Mercedes does not yet understand why its Formula 1 engine control systems overheated and caused the failures that cost it Canadian Grand Prix victory.
The German car manufacturer had been chasing an F1 record sixth consecutive one-two finish in Montreal, but its hopes were dashed following a double MGU-K failure on its cars.
Lewis Hamilton's system shut down at the Turn 10 hairpin on lap 36, while just a few corners later, as Nico Rosberg went through Turn 1 on lap 37, the German's car hit trouble too.
Mercedes motorsport boss Toto Wolff says that the team had never expected the high temperatures in its systems to cause such problems.
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"We had at exactly the same time a failure of the engine control systems, on the ERS, on the MGU-K, with a peak in temperature which was not on our priority list," he said, when asked by AUTOSPORT for an explanation.
"It shows you it is exactly the same power units, and they were racing at exactly the same pace and had exactly the same temperatures.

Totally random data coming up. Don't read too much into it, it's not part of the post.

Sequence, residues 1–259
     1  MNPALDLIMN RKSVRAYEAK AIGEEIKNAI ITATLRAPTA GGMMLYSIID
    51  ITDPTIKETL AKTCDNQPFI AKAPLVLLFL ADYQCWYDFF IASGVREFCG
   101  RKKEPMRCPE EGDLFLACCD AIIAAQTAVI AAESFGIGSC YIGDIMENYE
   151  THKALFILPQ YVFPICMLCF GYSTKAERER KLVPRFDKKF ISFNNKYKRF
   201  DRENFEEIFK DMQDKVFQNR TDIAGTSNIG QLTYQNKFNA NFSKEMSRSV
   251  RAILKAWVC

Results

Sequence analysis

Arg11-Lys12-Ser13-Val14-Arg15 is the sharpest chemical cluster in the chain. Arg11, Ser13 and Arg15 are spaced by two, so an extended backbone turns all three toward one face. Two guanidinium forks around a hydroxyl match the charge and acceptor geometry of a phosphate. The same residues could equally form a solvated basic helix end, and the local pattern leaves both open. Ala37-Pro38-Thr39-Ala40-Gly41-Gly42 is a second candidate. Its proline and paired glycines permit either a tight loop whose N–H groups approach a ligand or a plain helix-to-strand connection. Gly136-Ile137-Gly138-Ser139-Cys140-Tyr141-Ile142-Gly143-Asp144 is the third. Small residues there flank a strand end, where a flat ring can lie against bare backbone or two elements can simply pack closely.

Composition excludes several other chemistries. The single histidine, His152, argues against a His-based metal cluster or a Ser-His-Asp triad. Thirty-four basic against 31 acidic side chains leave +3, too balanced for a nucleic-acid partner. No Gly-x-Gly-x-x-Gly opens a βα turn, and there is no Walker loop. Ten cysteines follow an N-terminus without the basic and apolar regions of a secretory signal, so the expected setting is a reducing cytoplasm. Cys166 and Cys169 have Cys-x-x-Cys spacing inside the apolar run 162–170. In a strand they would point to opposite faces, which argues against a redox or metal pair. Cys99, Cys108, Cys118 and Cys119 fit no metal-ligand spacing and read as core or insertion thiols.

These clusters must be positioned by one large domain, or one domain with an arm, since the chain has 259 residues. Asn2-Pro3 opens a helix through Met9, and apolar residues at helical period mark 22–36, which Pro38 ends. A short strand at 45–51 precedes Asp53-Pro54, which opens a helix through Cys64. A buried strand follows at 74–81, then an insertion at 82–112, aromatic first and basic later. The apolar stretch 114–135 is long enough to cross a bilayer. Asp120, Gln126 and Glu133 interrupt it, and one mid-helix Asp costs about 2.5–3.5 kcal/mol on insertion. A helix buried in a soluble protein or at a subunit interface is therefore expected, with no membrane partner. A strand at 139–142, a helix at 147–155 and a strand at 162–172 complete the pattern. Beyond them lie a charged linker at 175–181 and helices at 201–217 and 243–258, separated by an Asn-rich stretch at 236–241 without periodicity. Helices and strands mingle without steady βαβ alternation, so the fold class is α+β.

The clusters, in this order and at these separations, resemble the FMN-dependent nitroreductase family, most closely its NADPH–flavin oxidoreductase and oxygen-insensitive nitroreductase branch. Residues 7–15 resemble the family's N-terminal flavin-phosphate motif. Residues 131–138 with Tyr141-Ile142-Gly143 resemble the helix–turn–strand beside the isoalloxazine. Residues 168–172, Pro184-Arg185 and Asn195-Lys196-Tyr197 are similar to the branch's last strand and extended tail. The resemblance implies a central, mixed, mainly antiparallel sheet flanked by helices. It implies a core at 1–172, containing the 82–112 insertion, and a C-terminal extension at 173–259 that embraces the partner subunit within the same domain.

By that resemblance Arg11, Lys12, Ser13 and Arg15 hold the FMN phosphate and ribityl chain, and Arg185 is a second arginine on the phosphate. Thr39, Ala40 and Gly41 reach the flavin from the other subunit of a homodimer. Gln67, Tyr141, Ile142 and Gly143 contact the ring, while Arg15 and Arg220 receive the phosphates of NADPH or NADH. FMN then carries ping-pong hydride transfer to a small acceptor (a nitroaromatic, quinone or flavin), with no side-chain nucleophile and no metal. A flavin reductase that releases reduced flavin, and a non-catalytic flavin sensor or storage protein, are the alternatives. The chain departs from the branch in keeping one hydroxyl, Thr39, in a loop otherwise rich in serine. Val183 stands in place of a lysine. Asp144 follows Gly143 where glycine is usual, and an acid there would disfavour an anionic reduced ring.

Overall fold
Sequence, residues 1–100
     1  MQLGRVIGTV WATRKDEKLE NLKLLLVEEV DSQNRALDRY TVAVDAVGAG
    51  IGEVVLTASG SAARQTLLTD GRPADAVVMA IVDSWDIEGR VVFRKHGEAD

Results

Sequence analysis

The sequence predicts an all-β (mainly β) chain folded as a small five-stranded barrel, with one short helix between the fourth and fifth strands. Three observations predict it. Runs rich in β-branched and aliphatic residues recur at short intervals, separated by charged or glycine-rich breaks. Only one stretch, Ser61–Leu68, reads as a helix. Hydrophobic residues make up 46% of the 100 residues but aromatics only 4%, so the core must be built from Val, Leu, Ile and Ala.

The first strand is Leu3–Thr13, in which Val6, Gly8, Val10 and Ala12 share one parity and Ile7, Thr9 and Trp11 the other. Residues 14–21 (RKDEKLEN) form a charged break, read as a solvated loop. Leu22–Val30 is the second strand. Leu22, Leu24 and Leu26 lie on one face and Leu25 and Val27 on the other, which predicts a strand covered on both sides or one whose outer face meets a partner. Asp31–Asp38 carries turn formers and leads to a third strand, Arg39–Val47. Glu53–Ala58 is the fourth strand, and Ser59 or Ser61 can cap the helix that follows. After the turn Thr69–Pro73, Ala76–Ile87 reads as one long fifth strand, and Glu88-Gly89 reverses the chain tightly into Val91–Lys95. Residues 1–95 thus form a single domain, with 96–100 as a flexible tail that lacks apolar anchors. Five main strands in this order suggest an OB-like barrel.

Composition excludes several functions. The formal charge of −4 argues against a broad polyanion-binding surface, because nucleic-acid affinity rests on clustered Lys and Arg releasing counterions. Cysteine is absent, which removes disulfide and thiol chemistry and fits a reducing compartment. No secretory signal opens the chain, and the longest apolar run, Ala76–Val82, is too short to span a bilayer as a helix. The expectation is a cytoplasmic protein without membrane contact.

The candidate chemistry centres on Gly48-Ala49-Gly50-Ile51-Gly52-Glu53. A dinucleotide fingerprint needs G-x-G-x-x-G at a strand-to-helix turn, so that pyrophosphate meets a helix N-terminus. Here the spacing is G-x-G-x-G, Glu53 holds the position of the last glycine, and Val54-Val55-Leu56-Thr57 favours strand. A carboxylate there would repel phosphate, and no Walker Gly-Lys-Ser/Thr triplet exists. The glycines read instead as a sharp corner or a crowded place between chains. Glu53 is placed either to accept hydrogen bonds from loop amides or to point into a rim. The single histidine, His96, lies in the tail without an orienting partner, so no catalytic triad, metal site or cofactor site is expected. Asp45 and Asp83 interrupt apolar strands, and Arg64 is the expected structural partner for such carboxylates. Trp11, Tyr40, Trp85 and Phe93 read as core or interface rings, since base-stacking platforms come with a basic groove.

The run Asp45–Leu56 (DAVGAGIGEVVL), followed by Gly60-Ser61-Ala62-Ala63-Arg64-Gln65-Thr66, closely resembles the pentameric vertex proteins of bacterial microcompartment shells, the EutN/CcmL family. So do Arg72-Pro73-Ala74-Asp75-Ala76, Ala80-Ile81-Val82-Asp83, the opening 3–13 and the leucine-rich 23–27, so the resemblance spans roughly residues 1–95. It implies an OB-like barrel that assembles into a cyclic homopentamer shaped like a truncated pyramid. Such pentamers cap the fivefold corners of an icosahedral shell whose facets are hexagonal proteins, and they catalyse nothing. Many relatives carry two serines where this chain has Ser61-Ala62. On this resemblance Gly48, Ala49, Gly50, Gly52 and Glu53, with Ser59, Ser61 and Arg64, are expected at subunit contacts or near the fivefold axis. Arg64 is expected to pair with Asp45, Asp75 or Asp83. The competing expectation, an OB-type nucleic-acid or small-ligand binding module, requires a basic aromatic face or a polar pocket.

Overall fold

"In that particular part of the MGU-K we saw temperatures which were higher than expected. But we were unaware they could have such a detrimental effect and the MGU-K just shut down and we could not reset it."
ELECTRONIC FAILURES LED TO BRAKE ISSUES
The failed MGU-K meant that brake harvesting of the cars changed, which put extra stress on the cars' brakes.
Wolff believes that the peak in temperatures when Hamilton made his second stop for tyres just put him over the edge and triggered the brake failure that ended his race.
"We told both drivers to manage the brakes because when you lose the electric motor and you lose the electric braking, the brakes are overheating massively," he said.
"We changed the balance within the braking system and told them to both be careful.
"Both of them complied exactly to what they had been told to do. It was very marginal though.
"When Lewis entered into the pits, with a stationary car, the temperatures rose and when he went out the pedal just went soft and fell down completely. On Nico's car he was lucky not to have that."
Wolff said that Mercedes was not sure whether or not the overheating of its system was a track specific problem that related to Montreal, or had more to do with the jump in ambient temperatures.
"We don't know yet," he said. "What we know is that we had a peak in temperatures in a system that we did not expect to be as crucial as it was."